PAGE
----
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The Governor’s Food Desert Working Group released its report and recommendations Friday morning, at Little Rock Union Station, to elected officials, community leaders, potential funders, and interested citizens.
Co-Chair and Arkansas Hunger Relief Alliance CEO Kathy Webb detailed the problem, noting that 62 of the 75 counties in Arkansas have areas considered food deserts. Those are, according to the definition used by the group from the Annie E. Casey Foundation, “geographical areas where residents have few to no convenient options for securing affordable and healthy foods-especially fresh fruits and vegetables. Disproportionately found in high poverty areas, food deserts create extra everyday hurdles that can make it harder for kids, families, and communities to grow strong and healthy.” Webb thanked Governor Hutchinson, who in a written statement said, “the recommendations put forward today by this diverse working group on food insecurity offer a blueprint to all levels of government, business, community leaders, non-profits, foundations, and more.”
Dr. Joe Thompson, President and CEO of the Arkansas Center for Health Improvement (ACHI) reviewed several recommendations related to government, including tax incentives for grocers, a revolving loan program, and easier use of benefits for online grocery ordering.
Rachel Spencer from the Walmart Foundation discussed how some models the group reviewed used foundation dollars, stacked with private investment, and government support, to create sustainable grocery stores or alternative models. One model Spencer discussed, the Grocery Online Ordering Delivery Service (GOODS) model in Drew, Mississippi, received money from the W.K. Kellogg Foundation. Altheimer Mayor Zola Hudson accompanied the Working Group to Drew to see how the model works, then returned a second time with additional community leaders. Mayor Hudson said getting a place for groceries, including fresh fruits and vegetables, in Altheimer, would “mean the world” to her town.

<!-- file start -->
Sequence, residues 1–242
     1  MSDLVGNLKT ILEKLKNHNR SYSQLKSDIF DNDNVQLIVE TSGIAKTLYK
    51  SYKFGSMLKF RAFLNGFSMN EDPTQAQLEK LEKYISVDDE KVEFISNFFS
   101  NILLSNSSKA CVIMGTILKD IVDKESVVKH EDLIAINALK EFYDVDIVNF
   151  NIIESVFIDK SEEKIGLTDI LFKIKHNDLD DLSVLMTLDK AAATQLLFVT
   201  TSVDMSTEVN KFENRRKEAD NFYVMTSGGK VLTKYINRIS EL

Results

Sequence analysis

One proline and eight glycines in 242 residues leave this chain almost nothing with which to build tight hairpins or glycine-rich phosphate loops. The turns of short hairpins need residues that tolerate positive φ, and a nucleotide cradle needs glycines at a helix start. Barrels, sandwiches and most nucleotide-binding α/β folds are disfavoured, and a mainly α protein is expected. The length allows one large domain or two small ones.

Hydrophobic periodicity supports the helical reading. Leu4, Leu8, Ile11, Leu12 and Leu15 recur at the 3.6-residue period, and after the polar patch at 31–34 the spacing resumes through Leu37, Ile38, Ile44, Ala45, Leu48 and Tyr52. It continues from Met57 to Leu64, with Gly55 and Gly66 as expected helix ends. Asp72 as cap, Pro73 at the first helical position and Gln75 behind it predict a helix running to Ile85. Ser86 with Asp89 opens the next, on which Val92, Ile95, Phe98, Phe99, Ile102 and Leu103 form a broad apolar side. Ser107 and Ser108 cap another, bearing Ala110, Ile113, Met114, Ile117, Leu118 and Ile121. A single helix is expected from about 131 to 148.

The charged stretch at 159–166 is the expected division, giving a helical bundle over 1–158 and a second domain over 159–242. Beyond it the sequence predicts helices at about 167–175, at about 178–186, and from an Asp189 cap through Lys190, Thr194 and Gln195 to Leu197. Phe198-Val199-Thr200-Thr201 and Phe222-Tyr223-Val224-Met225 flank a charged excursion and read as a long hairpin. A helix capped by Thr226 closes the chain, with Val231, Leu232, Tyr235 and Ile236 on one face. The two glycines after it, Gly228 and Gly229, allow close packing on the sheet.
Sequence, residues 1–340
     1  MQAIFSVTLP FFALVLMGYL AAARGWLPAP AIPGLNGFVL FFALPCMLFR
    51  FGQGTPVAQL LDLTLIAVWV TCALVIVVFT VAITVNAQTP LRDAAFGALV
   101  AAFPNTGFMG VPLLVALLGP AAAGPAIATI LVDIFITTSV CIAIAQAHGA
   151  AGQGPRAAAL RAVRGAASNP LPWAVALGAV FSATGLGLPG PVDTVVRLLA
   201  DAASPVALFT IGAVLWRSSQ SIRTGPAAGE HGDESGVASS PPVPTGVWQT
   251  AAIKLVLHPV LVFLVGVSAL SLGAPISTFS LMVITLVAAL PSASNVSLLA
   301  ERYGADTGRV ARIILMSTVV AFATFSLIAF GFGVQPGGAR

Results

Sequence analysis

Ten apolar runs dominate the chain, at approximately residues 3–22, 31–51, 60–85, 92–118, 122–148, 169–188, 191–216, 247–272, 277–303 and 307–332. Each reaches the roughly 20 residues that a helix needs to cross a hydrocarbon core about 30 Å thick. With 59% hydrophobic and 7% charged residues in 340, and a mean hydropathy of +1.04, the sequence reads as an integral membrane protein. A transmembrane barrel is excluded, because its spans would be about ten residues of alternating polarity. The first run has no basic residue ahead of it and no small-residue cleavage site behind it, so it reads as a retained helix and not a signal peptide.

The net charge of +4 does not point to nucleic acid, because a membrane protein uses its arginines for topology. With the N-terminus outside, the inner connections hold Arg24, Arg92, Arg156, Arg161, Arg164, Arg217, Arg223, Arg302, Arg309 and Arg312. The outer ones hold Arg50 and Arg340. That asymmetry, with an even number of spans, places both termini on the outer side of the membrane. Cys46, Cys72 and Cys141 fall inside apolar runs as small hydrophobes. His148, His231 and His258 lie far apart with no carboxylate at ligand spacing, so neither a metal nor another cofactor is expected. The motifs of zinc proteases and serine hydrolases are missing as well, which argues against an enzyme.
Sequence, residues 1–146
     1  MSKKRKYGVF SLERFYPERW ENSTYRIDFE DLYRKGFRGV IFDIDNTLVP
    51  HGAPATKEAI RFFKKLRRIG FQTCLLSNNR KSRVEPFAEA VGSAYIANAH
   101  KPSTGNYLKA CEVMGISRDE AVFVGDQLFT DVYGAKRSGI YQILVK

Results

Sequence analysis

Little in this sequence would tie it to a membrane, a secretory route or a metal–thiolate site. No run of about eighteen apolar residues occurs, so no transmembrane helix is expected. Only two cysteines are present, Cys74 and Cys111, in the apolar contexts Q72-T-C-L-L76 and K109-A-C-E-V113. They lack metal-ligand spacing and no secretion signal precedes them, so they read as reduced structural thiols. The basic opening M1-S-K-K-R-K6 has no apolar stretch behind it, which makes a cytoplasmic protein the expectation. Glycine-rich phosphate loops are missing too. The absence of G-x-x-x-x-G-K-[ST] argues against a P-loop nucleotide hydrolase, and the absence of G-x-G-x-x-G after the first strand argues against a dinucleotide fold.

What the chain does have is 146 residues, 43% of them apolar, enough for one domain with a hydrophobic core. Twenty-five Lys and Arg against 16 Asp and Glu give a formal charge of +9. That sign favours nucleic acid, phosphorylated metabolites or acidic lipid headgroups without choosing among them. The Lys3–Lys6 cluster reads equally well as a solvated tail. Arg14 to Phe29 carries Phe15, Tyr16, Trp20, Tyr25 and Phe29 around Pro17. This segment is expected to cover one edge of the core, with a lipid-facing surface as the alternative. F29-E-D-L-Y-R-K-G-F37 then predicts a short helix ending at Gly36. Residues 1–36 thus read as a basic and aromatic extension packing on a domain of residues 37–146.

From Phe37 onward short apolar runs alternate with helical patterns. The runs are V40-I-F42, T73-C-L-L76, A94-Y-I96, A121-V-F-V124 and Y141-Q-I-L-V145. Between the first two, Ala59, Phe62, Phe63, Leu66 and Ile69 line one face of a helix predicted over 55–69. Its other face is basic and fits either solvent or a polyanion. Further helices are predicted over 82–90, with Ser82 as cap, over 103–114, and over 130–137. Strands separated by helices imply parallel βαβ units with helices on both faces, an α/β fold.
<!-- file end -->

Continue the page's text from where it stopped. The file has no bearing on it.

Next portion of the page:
Food Bank of Northeast Arkansas CEO Christie Jordan shared several of the successful models the group studied, including a city-owned grocery store, a subscription self-service market, a grocery distribution hub, and a healthy corner market, that is launching in northeast Arkansas soon.
Kenya Eddings, Co-Chair and Executive Director of the Arkansas Minority Health Commission said that this is the beginning, not the end, and that the group will continue to examine models and ideas that can make a difference to Arkansans. The report, prepared by the Winthrop Rockefeller Institute, can be found at www.arhungeralliance.org.